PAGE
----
Pakistani rupee weakens sharply in likely devaluation by c.bank

In this file photo, Money dealers count Pakistani rupees, right, and US dollars at a currency exchange in Islamabad on March 12, 2014. (AFP)
Updated 20 March 2018
0

Pakistani rupee weakens sharply in likely devaluation by c.bank

ISLAMABAD: Pakistan’s rupee weakened sharply against the dollar on Tuesday in what appeared to be a currency devaluation by the central bank, traders said, the second such intervention in the last three months.
The rupee plunged to about 115.5 per dollar in early trading from 110.5 at Monday’s close, traders said. Abid Qamar, spokesman for the State Bank of Pakistan (SBP), told Reuters the rupee plunge was a “market driven” event.
However, foreign exchange traders say the central bank’s withdrawal of support for the rupee in daily market operations on Tuesday sent the currency lower.
The SBP devalued the local currency in a similar manner by about 5 percent in December amid balance of payments pressures due to a widening current account deficit and dwindling foreign reserves. The market was broadly expecting another devaluation this year.
“Apparently the central bank withdrew support,” Fawad Khan, head of research at BMA Capital, told Reuters on Tuesday.
Withdrawal of support would have the effect of devaluing the currency as the SBP is the most influential player in the thinly-traded local foreign exchange market and controls what is widely considered a managed float system.
In response to Reuters’ queries about the rupee’s decline on Tuesday, the central bank’s Qamar said it was triggered by “some payment pressures which are building within the market” and added that the central bank would be “observing the market where it is moving toward.”
Pakistan’s economy has been growing at above 5 percent, the fastest pace in a decade, but a surge in imports has widened its current account deficit and prompted analysts to suggest the country may need an International Monetary Fund (IMF) bailout in the coming 12 months.
“We believe this is much needed as Pakistan’s external account has deteriorated as of late,” the Topline Securities brokerage said in a flash note to clients on Tuesday morning after the rupee weakened.


Trump threatens tariffs on all $505 billion of Chinese imports

Updated 20 July 2018
0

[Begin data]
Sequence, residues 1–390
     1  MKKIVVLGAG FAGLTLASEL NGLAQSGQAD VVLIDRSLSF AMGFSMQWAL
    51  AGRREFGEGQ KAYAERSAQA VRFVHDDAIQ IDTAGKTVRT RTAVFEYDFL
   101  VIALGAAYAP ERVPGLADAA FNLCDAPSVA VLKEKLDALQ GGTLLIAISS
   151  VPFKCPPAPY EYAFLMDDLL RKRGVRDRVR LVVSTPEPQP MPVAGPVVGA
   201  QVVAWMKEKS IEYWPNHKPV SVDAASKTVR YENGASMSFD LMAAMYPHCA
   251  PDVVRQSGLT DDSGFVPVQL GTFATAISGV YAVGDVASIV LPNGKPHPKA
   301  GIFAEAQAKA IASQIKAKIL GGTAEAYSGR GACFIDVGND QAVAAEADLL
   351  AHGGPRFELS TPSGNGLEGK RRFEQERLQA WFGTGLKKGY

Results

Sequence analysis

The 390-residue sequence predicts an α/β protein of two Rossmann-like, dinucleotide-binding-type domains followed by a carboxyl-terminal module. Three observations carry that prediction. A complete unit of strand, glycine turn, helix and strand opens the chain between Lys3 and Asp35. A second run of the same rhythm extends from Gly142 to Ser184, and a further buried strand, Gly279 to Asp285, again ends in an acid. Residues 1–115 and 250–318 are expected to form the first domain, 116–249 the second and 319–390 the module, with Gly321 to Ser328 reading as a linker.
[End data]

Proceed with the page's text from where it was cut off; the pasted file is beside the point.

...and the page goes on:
Trump threatens tariffs on all $505 billion of Chinese imports

WASHINGTON: US President Donald Trump said in an interview released Friday he is willing to hit all Chinese goods imported to the US with tariffs if necessary.
“I’m ready to go 500,” the Republican leader told the US network CNBC, referring to the $505.5 billion in Chinese imports accepted into the US in 2017.
“I’m not doing this for politics, I’m doing this to do the right thing for our country,” Trump said.
“We’ve been ripped off by China for a long time,” he added.
After weeks of apparently fruitless negotiations, the US early this month imposed 25 percent tariffs on approximately $34 billion of Chinese mechanical and technological products — sparking an immediate response from Beijing, which said it would hit back dollar for dollar.
China accused the US of starting the “largest trade war in economic history.”
A second tranche of $16 billion in products is under review and could soon be added to the US measures.
In the full interview released Friday Trump reiterated his claim that the US is “being taken advantage of” on issues including trade policy.
“I don’t want them to be scared. I want them to do well,” the US president said of China. “I really like President Xi a lot. But it was very unfair.”
The US-China spat is the largest and broadest of several trade fights picked by Trump.
The growing share of international trade under threat has raised the prospect the escalating trade war could harm the global economy by disrupting companies supply chains, pushing firms to hold off on investments and making goods more expensive for consumers.
In excerpts of the interview released on Thursday Trump had broken with the long-established executive branch practice of not commenting on the Federal Reserve’s decisions out of respect for its independence.
“I’m not thrilled,” Trump told the network in an interview excerpt aired Thursday. “Because we go up and every time you go up they want to raise rates again.”